Egyptian President Hosni Mubarak
Egyptian President Hosni Mubarak in July 2010. Photo by AP
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Egyptian President Hosni Mubarak has warned that a failure in Israel-Palestinian peace negotiations would lead to "violence and terrorism" across the world.

In an interview with the journal of the Egyptian armed forces, given to mark the anniversary of the 1973 Yom Kippur War, he said he has told several leaders, including Prime Minister Benjamin Netanyahu, that "if the peace process collapses, violence and terrorism will erupt in the Middle East and all over the world."

Prime Minister Benjamin Netanyahu is planning to convene his forum of top ministers Tuesday to discuss extending Israel's moratorium on West Bank settlement construction for another 60 days.

Israel initially halted construction for 10 months only, which ended on September 26. But the Palestinians have said they would not continue the recently resumed negotiations unless Israel agreed to halt construction again. The Obama administration has urged Israel to reconsider its rejection of this demand.

The concession for a 60-day freeze would be in exchange for a series of U.S. guarantees regarding Israel's negotiations with the Palestinians.

Netanyahu announced Monday that he was canceling a planned tour of the Jerusalem area in order to hold today's session. If he succeeds in convincing his seven top ministers to extend the freeze, he will bring the matter to a vote in the diplomatic-security cabinet later Tuesday.

Netanyahu will try to persuade the ministers to accept the guarantees the American administration has offered Israel in exchange for extending the construction freeze.

Defense Minister Ehud Barak (Labor) and Intelligence and Atomic Energy Minister Dan Meridor (Likud) are expected to support Netanyahu's position, while Foreign Minister Avigdor Lieberman (Yisrael Beiteinu) is likely to present the strongest opposition.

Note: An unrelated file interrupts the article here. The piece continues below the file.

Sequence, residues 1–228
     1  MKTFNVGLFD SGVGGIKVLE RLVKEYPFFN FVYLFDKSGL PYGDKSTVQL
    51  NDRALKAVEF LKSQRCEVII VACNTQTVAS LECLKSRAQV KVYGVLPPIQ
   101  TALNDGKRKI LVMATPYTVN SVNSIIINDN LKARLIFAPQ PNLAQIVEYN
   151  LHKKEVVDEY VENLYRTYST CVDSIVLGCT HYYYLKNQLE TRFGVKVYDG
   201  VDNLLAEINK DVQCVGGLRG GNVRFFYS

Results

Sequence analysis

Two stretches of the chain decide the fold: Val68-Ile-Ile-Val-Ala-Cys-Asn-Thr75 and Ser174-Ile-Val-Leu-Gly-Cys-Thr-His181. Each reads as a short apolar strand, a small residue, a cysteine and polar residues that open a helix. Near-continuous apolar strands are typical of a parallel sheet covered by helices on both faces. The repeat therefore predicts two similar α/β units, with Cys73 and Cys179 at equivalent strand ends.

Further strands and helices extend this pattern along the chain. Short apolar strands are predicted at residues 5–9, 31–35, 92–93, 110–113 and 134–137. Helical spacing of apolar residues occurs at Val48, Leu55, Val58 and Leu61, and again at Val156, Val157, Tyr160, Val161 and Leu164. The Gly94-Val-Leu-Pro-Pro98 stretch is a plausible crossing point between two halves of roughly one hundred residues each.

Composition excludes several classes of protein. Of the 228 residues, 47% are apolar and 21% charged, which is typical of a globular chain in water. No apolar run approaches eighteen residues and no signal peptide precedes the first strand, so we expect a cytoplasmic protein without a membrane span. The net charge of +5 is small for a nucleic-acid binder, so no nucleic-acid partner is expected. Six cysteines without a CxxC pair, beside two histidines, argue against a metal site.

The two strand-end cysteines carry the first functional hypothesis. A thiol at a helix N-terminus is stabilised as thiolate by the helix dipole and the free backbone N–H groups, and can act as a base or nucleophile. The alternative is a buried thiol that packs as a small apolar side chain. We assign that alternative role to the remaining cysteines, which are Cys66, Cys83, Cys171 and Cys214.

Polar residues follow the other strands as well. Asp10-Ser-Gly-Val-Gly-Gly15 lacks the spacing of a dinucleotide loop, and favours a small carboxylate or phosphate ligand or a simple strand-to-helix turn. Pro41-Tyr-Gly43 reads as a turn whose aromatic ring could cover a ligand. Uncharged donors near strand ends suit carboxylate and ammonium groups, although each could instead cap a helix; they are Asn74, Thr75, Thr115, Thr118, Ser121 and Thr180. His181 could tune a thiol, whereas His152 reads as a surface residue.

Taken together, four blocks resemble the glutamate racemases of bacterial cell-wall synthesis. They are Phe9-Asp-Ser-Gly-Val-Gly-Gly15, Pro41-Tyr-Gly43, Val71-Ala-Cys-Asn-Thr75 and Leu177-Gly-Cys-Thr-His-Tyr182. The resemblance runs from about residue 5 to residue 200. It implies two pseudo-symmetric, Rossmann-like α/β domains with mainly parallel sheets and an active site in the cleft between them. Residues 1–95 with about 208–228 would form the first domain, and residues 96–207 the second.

Netanyahu is pinning his hopes on Ministers Benny Begin (Likud), Moshe Ya'alon (Likud) and Eli Yishai (Shas). He has met Begin over the last few days in an attempt to convince him to change his mind about extending the freeze.

The prime minister is interested in passing a decision on the matter before an Arab League committee meets in Libya on Friday to deliver its verdict on whether peace negotiations should continue.

Secretary of State Hillary Clinton spoke with Netanyahu earlier this week in an effort to resolve the settlement construction deadlock. State Department spokesman Philip Crowley defined the conversation as "very constructive" but refused to go into details.
Earlier yesterday, the London-based newspaper Asharq al-Awsat quoted Israeli officials as saying that Netanyahu had agreed to extend the freeze on settlement construction by two months on condition that no further extension be demanded. It said he also insisted that Washington permit continued construction on West Bank projects that began after the freeze expired on September 26.

Speaking to Likud ministers Monday morning, Netanyahu, in what may have been a reference to the Asharq al-Awsat report, said the time was not yet ripe "for issuing statements."

"There are a lot of reports, most of which are incorrect," he said. "We can't deny or correct everything."

Later, he told a cabinet meeting that he had "an interest in acting wisely and responsibly in order to advance the diplomatic process."

He said Israel and the United States were holding behind-the-scenes talks aimed at resolving the deadlock in talks with the Palestinians, and that peace was a vital Israeli interest.

Also Monday, Minister Michael Eitan (Likud ) urged Netanyahu to oust Lieberman's Yisrael Beiteinu party from the coalition over the foreign minister's speech against the peace process in the UN last week.

Eitan, who blasted Lieberman for undermining the prime minister's leadership, said his party should be replaced with Kadima.
"We must look into expanding the coalition and adding new partners," he said.

Deputy Defense Minister Matan Vilnai (Labor ) said Lieberman "makes mincemeat" of the government wherever he goes.